Ms. Ripston asked, "Where did all the homeless people go?" I am sure some people have chosen to go to other communities where they can get continue their criminal behavior. Many other people who used to hang around Skid Row actually had a place to stay; they just chose to stay on Skid Row because of the cheap and plentiful drugs, alcohol and prostitution.

Who would come to Skid row just to hang out? How about Jason Johnson? An Azusa gang member, who last year at 2 A.M. on a Thursday morning, stabbed a Skid Row homeless man to death in a dispute over a bicycle? Johnson lived in Azusa, and had a home, but chose to "hang out" on Skid Row because he liked to smoke rock cocaine and liked the "party" atmosphere. Yes, he is one of the people in prison, where he belongs.

How about Kristi? a woman from a prominent family who found herself addicted to drugs living on the streets of Skid Row. Despite every effort by her family and outreach workers to get her back home or into an apartment, she chose to live on the sidewalk at 5th Street and San Julian, right next to an open shelter with empty beds. She was killed last year: beaten to death on the sidewalk by a drug dealer, probably over a drug debt. He was arrested at the scene by our officers. Her family is devastated.

What kind of other people are our officers arresting on Skid Row? How about Jimmy Lee Smith, who we caught two weeks ago hiding among the homeless on Skid Row? He was arrested for being a parole violator. You may remember him as The Onion Field Killer, and responsible for the murder of LAPD Officer Ian Campbell in the 60s. Or how about Demond Little, an East Coast Crip gang member who was also arrested by our Safer Cities Task Force. Mr. Little was convicted of a home invasion, rape, and murder, and was hiding out on Skid Row as an unregistered sex offender.

Do you want to find out the truth about Skid Row? Do you want to see if our officers are trampling on the civil rights of homeless people? Come down and see for yourself. Walk around and talk to people like our LAPD officers do every day. We take members of the public, City officials and members of the media out to see the reality of Skid Row. And don't take my word on how the homeless are being treated, ask them yourself. Or ask one of the 400 courageous men and women working LAPD's Central Area about life on Skid Row, and the human suffering they see every day.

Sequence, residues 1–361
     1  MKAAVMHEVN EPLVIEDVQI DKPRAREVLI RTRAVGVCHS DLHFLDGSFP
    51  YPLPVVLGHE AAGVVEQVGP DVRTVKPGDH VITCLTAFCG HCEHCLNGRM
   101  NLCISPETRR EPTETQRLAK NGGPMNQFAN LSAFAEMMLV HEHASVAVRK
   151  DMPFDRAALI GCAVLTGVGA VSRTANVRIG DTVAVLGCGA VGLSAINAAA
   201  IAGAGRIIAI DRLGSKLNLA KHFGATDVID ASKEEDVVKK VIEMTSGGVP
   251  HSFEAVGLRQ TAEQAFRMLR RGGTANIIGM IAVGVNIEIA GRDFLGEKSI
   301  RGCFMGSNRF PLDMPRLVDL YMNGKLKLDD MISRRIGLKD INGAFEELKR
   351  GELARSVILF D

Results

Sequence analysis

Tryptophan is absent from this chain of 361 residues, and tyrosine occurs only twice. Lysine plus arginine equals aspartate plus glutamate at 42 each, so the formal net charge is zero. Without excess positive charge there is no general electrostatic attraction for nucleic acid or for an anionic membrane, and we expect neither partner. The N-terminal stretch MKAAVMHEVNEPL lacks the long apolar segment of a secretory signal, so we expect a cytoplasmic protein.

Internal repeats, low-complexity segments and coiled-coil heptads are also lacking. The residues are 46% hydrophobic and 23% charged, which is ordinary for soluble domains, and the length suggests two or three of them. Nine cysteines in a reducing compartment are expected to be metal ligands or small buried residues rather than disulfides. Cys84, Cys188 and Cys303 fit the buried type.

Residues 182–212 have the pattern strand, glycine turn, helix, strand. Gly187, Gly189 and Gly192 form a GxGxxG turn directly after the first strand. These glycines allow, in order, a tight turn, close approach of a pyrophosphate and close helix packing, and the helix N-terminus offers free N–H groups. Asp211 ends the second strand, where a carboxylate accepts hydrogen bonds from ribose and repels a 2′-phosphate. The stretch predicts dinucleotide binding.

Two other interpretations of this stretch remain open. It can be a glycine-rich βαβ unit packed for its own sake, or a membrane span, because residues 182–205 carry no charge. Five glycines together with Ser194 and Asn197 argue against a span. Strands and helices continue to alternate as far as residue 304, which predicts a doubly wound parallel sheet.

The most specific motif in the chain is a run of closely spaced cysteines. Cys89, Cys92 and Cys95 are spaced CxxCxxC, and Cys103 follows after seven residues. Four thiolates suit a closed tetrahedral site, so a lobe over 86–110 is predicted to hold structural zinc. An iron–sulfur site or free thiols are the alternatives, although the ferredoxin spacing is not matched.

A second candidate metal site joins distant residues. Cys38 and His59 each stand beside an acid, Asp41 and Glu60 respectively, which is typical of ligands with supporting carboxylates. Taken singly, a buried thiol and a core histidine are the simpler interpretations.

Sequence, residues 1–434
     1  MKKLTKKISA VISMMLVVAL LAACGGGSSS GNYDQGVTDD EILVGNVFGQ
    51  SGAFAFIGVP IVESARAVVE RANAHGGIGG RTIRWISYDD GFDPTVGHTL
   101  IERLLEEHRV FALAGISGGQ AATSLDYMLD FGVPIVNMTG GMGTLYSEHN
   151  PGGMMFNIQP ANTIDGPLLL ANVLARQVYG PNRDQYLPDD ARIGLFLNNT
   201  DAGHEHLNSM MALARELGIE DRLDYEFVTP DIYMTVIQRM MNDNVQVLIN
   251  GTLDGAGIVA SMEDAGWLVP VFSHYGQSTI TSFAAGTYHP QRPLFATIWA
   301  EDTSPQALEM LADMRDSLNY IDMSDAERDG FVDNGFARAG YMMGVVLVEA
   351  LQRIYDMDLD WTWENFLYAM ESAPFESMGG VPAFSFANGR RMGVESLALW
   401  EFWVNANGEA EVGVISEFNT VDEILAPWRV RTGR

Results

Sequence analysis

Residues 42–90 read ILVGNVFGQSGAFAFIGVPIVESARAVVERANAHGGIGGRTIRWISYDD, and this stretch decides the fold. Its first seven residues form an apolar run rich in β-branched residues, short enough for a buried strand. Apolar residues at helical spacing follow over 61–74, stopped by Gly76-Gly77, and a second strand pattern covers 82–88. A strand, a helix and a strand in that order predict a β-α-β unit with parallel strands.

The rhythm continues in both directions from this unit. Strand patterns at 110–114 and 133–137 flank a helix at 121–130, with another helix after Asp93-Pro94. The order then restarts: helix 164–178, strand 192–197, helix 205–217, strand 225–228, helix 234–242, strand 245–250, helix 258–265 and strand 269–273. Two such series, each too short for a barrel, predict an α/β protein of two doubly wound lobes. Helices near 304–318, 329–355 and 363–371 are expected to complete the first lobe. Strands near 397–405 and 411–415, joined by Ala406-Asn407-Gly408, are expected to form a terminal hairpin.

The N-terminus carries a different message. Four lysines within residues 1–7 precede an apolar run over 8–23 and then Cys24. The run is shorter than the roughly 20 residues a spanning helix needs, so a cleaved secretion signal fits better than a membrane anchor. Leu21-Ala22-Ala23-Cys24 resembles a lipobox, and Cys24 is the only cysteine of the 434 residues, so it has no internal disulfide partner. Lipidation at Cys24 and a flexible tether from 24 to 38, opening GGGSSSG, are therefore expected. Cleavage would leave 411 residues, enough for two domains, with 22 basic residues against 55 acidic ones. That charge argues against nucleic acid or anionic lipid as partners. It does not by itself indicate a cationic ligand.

We are proud of our officers who work the area of Skid Row. We will continue to provide training on all the important issues in dealing with the troubled and troublesome population on Skid Row. Do we need more money for housing, supportive services, and mental health care? Of course we do. Yet, until such resources are available to make a difference, it is the job of the police department to make the Skid Row area safe for the most vulnerable members of our community, and give them the opportunity to recover from their addictions in a supportive environment.

Chief William Bratton has the courage to push forward the Safer Cities Initiative and the courage to take on the problems of Skid Row, despite the constant criticism from people like the ACLU. Chief Bratton's increase of narcotics officers and foot-beat officers in Skid Row is making the community safer than ever. Your LAPD officers are making a difference every day and night walking the walk, protecting the weak, mentally ill, and less fortunate. When I "walk the walk" with my officers on Skid Row, I like to remind them of the quote from President Teddy Roosevelt, "It's not the critic who counts." The reality is…. LAPD Central Officers are the ones that count, and make a difference to the community on Skid Row every day.

Captain Andrew Smith
Central Area, Commanding Officer